Apropos of Barack Obama’s pending and unavoidable decision on Afghanistan–which he called “the right war,” “the necessary war” and so on at least 750 times during the campaign–NY Timesman Bob Herbert reminds us today of just what a momentous decision it is. And that’s why Obama must be certain, before sending more troops, that we really are in for the long, long haul.
To underscore the point, Herbert quotes John McCain’s preface to David Halberstam’s The Best and the Brightest, that great saga of how so many brilliant people got it so wrong in Vietnam:
“War is far too horrible a thing to drag out unnecessarily. It was a shameful thing to ask men to suffer and die, to persevere through god-awful afflictions and heartache, to endure the dehumanizing experiences that are unavoidable in combat, for a cause that the country wouldn’t support over time and that our leaders so wrongly believed could be achieved at a smaller cost than our enemy was prepared to make us pay.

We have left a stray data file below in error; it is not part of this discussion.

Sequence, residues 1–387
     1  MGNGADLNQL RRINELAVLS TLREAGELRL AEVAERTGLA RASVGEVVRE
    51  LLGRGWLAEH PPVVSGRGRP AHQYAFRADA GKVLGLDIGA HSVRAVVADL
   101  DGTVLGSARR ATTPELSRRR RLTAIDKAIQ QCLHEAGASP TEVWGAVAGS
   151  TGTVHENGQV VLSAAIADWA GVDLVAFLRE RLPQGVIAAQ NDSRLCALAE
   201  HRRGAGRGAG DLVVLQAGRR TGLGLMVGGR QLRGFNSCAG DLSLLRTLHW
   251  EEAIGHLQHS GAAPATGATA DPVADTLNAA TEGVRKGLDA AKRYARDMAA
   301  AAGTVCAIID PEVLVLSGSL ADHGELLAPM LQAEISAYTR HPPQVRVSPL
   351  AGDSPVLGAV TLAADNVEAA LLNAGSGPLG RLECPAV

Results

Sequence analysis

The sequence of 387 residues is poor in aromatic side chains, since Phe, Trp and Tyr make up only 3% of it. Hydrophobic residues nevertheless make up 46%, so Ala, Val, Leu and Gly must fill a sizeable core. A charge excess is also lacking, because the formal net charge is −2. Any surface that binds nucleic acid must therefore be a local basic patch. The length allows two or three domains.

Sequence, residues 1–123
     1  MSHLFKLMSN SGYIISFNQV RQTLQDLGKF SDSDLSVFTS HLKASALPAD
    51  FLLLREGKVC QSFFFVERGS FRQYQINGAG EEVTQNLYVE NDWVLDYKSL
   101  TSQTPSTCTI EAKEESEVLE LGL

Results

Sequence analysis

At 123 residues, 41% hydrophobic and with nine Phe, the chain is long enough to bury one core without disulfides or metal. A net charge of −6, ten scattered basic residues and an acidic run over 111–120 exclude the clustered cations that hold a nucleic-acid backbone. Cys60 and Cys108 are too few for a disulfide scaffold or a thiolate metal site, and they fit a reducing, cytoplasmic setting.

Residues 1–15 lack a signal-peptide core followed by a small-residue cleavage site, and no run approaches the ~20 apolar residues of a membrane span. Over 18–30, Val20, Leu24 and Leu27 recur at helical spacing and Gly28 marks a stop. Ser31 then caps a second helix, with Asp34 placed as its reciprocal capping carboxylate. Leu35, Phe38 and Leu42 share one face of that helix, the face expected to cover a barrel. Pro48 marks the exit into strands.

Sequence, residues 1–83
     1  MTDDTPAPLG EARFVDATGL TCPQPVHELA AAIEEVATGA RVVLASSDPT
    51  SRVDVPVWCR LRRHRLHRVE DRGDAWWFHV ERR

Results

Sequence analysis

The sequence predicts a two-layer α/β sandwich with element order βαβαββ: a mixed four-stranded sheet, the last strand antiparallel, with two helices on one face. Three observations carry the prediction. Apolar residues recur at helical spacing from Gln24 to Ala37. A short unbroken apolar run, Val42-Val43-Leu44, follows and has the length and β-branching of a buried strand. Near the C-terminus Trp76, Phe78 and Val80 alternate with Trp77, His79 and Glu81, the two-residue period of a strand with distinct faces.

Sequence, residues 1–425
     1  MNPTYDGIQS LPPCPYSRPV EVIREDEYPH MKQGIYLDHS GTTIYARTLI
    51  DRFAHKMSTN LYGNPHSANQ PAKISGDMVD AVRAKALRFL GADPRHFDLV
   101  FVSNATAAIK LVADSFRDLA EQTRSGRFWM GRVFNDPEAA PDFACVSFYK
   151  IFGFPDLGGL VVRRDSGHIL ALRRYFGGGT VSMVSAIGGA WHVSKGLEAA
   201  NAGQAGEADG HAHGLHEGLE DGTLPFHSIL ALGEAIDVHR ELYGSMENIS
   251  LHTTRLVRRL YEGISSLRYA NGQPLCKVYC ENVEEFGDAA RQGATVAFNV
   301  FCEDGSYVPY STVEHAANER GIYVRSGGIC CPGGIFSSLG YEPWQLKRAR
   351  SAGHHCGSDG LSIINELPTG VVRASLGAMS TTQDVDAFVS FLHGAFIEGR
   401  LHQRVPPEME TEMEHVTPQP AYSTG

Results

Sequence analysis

“No other national endeavor requires as much unshakable resolve as war. If the nation and the government lack that resolve, it is criminal to expect men in the field to carry it alone.”
Unfortunately for Obama, this decision is not above his pay grade. If we’re not in this to win–and it would be nice if we could quickly define “win”–not one more soldier should die in Afghanistan.